Jobs

Going into Jobs, my knowledge of the Apple backstory was somewhat – but not entirely – limited. I was marginally prepared to judge this film due to an underrated little piece of cinema titled Pirates of Silicon Valley, an epic adventure that is succinctly described by IMDB as “History of Apple and Microsoft.” But in truth, it is so much more. You may be wondering to yourself how such a film could have escaped your radar. Sadly, 1999 made-for-TV TNT films tend to be overlooked. While Pirates has a real ‘90s feel about it in a film-making sense (dream sequences, quality dialogue, etc.), it neatly outlines the genesis of personal computing. It entertains and sustains audience attention; it moves quickly and wraps itself up in a tidy 95 minutes. As if things couldn’t get any better, Anthony Michael Hall plays Bill Gates, while Noah Wyle portrays his arch nemesis, Steve Jobs. This is the epitome of made-for-TV gold.
I watched Pirates of Silicon Valley in preparation for Jobs. The only thing I knew about Steve Jobs was that I was grateful he had created the iPhone. Had I seen Jobs and Jobs alone, that knowledge would only be slightly increased to include the following facts: 1. Steve Jobs walked like a turkey 2. Steve Jobs was not a pleasant human being.
Ashton Kutcher storms through the various scenarios of Jobs’ life and career. He acts passionately, persistently, and then on the verge of tears. The camera typically focuses on the back of his head as he awkwardly roams around buildings. Every time this occurred (which was often), I kept hearing Jurassic Park’s Dr. Alan Grant describing the movements of a velociraptor: “He moves like a bird, lightly bobbing his head.” That pretty much sums of Kutcher’s entire performance, except he bobs his whole body as he stomps around being oh-so-passionately misunderstood. For 128 minutes.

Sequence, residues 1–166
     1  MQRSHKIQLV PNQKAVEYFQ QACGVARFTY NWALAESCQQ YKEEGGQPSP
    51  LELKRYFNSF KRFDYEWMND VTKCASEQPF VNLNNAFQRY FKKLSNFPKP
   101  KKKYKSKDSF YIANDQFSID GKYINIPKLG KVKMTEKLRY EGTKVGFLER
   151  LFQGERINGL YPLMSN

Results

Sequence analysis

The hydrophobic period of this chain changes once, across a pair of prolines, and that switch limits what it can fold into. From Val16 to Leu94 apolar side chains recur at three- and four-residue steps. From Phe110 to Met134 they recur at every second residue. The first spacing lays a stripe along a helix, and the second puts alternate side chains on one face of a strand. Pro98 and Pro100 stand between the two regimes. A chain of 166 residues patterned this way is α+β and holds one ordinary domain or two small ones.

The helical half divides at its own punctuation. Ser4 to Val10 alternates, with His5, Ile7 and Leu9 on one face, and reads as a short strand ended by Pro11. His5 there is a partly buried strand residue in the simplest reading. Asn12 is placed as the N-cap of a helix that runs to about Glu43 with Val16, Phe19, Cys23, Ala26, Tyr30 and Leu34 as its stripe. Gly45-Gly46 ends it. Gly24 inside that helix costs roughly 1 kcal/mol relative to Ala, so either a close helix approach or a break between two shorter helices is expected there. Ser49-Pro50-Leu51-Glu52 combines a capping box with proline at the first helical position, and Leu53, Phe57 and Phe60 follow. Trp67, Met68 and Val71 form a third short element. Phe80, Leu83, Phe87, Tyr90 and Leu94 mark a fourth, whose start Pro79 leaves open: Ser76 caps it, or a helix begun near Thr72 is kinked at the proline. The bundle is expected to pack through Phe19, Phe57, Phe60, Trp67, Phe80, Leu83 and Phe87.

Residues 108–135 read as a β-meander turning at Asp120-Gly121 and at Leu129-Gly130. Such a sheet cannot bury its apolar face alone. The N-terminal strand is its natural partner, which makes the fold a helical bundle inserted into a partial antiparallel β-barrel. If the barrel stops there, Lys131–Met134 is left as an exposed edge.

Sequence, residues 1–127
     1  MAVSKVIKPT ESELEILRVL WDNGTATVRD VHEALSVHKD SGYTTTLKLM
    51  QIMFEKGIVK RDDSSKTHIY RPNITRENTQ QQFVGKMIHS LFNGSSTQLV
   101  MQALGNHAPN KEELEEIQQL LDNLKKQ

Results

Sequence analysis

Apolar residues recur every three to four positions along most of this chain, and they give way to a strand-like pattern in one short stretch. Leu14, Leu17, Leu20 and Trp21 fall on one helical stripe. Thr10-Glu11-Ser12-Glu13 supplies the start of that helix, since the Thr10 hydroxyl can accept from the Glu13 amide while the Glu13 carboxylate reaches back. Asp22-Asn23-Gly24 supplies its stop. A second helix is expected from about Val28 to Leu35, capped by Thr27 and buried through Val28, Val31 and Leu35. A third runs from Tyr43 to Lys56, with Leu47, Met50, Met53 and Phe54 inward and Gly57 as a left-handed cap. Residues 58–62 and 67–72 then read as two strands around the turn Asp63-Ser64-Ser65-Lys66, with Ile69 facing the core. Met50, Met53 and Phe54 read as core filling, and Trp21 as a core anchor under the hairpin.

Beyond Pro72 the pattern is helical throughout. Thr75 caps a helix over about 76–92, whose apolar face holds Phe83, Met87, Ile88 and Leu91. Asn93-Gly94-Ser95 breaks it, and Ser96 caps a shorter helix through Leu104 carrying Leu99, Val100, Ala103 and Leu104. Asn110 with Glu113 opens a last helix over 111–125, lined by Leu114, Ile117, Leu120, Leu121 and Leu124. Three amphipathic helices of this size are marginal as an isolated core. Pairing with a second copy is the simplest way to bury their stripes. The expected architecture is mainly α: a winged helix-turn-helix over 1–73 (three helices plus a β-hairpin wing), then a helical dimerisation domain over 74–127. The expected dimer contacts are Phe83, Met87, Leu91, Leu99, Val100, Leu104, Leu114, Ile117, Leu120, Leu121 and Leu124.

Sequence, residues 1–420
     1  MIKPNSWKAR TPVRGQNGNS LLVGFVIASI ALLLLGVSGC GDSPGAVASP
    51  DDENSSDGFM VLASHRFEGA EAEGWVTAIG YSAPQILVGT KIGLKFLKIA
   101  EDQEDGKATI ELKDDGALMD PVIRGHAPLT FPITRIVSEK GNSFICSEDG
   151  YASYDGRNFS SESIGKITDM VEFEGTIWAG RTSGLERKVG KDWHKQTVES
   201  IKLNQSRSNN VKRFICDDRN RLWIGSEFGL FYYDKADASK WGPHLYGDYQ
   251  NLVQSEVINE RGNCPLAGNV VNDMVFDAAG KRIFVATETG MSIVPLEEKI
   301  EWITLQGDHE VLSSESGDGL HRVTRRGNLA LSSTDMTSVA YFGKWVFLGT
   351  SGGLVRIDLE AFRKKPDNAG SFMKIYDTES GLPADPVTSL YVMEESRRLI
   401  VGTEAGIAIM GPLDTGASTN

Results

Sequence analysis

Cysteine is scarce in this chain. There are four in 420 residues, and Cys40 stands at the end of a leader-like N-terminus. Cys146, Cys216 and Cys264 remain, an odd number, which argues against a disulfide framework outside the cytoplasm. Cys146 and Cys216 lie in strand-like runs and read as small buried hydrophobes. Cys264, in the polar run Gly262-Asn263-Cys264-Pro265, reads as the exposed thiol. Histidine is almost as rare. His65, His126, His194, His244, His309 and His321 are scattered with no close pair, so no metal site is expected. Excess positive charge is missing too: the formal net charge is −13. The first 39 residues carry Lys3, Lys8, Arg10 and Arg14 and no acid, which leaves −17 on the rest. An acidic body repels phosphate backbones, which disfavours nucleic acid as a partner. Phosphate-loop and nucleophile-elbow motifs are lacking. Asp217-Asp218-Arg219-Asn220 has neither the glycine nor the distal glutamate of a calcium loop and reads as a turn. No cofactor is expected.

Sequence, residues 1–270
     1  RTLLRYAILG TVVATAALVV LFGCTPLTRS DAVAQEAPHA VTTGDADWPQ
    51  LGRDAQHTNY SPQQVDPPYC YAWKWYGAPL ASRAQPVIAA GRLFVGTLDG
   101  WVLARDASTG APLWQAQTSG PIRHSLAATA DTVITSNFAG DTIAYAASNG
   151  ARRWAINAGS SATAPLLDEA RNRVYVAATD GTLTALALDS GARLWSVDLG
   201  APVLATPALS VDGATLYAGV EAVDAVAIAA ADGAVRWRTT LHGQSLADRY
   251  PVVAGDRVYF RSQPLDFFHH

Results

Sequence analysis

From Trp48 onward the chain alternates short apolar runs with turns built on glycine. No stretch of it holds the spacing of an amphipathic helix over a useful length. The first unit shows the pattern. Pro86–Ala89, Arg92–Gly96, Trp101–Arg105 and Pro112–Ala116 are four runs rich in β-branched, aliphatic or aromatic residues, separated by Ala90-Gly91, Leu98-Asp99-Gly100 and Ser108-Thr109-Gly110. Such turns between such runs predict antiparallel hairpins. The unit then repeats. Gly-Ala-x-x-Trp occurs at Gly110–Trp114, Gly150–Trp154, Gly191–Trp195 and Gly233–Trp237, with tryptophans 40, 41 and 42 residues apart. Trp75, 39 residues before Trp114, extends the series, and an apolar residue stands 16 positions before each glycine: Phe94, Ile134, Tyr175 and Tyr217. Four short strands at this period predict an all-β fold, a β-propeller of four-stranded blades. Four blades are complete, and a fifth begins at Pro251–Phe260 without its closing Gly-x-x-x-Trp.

Jobs has no linear storyline. For 128 brutal minutes, we are treated to a strange montage of key moments in the man’s life and career. Armed with a wealth of information from Pirates, I couldn’t help but notice a glaring hole in the already-lacking plot – what happened to Microsoft? I learned from Noah and Anthony that Apple and Microsoft’s stories are so intricately entwined that they have to be told together, yet Bill Gates is notably absent from Jobs. There is one time that Jobs calls Gates to passionately yell while on the verge of tears, but that’s the only mention of Bill Gates in the entire film.
I will never get back those 128 minutes. I will never be able to rid my memory of that velociraptor/turkey walk. I will never understand why no one asked Noah Wyle to step back into the role he was born to play. These questions will never be answered. These scars will never heal. I can only hope that the pain of the Jobs film experience will someday fade away. Cue the montage, I’m on the verge of passionate tears.
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